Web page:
Starch is formed from the α-bond.

Every glucose molecule has different branches. These OH groups of neighbouring molecules link. Water is formed. This is how the bond between two glucose molecules is formed. Starch granulates consist of thousands of glycosidically linked glucose molecules

Cellulose is formed from the β-bond.

When opposite OH groups bond with each other, a chain of glucose monomers is formed. We find this type of the molecule in cellulose, the stabiliser of all plants.

Similarity of the molecular structure of cellulose and starch

The starch grains differ in size depending on the type of starch. The diameter of the starch particles in potatoes can be more than 100 µm, those in wheat 2 to 35 µm, those in maize 5 to 25 µm and those in amaranth only 0.5 to 3 µm. The starch grains in wheat starch are distributed bimodally (frequency distribution with two maxima). This can be used on the one hand to produce a high-purity A-wheat starch (20 – 35 µm) and on the other to produce a small-grained B-wheat starch (2 – 10 µm) with higher impurity.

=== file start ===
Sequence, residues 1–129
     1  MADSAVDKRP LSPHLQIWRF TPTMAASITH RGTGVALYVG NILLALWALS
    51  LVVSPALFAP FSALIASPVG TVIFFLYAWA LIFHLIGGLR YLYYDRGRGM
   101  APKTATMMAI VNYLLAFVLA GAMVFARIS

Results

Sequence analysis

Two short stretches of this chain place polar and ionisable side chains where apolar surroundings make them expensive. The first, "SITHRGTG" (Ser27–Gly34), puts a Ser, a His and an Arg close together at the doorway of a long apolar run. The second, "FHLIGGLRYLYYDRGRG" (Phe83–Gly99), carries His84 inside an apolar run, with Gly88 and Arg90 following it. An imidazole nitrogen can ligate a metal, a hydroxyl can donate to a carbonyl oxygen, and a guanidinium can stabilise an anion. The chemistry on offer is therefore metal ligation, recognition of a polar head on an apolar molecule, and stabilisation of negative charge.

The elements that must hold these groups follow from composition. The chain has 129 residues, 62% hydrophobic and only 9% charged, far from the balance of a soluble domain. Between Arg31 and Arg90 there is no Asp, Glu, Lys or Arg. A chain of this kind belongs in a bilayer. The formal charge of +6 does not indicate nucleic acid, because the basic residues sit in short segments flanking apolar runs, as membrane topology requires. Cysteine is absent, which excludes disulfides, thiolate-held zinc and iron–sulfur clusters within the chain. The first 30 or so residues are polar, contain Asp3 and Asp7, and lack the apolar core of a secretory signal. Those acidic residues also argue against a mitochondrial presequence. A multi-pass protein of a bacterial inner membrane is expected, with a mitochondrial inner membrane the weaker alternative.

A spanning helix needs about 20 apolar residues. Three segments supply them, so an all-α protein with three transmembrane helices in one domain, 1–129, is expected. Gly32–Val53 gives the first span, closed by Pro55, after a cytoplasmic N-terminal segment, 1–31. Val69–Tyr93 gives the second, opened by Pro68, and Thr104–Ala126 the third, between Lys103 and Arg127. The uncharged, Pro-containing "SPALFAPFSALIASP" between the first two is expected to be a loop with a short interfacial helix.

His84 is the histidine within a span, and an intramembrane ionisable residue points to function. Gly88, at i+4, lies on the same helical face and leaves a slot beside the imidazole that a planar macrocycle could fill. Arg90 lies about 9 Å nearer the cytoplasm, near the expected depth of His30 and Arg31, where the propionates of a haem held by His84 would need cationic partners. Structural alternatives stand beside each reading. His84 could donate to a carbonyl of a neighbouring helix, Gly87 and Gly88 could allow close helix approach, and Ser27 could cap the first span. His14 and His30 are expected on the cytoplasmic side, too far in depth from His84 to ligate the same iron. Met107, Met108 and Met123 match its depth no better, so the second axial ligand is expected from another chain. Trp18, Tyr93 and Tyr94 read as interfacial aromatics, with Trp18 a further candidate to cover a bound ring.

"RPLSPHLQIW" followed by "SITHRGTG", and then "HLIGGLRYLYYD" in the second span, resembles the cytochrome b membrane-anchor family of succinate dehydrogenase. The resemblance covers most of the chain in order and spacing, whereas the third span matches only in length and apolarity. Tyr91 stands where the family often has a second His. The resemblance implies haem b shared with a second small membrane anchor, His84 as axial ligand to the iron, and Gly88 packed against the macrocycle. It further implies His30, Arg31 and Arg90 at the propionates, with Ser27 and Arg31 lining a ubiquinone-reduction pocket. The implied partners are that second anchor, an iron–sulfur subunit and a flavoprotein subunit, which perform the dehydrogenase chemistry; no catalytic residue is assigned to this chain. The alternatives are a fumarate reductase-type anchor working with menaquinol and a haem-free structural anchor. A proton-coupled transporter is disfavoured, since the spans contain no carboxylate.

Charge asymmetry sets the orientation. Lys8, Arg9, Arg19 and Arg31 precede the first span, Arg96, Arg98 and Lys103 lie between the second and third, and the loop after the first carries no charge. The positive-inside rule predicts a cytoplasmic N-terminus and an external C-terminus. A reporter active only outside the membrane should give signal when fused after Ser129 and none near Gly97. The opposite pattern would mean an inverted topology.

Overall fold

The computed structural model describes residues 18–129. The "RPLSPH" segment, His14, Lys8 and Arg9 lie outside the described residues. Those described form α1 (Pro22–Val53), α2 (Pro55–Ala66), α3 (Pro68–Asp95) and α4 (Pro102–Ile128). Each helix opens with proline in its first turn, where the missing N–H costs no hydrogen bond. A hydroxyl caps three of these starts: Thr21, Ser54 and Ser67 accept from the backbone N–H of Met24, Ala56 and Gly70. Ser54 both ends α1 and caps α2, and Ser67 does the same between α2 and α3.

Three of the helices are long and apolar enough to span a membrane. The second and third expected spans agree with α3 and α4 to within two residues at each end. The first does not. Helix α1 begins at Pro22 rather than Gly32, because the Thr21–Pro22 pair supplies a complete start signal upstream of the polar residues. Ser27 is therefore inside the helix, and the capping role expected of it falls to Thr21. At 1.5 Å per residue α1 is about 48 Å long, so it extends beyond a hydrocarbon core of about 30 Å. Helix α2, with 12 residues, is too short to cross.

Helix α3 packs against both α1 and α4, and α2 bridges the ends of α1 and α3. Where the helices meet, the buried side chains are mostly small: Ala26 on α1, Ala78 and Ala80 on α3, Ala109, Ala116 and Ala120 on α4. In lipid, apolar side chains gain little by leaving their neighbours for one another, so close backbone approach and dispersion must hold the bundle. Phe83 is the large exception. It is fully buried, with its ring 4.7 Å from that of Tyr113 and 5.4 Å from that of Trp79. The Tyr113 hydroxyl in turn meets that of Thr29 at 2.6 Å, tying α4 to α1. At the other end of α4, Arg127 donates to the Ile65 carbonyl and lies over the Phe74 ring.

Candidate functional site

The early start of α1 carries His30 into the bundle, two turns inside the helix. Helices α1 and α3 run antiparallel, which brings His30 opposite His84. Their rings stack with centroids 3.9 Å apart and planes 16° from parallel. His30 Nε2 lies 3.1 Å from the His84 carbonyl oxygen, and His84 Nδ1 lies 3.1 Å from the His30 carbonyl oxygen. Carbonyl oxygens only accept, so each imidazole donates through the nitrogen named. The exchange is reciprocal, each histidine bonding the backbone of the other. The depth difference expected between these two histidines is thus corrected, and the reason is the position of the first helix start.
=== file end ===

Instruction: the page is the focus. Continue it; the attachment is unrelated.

Starch normally has an amylomaize content of 14 % to 27 % and an amylopectin content of 73 % to 86 %. However, special plant breeding also produces starch types that contain up to 99 % amylopectin or up to 85 % amylomaize.

 

Amylomaize

Amylopectin

Iodine binding capacity

20%

0 bis 1%

Colour of the iodine complex

deep blue

red-violet

Solution stability

instable

stable

Thickening performance

low

high

Retrogradation; reversal of previously agglutinated starch

irreversible

reversible

Gel formation/ cross-linking

strong and fast

little and slow

Distinguishing features of the two starch components: amylomaize and amylopectin

Starch is insoluble in cold water, but the starch corns can reversibly swell slightly, increasing their volume by up to 28 %. The swelling retrogrades if water is withdrawn from the starch.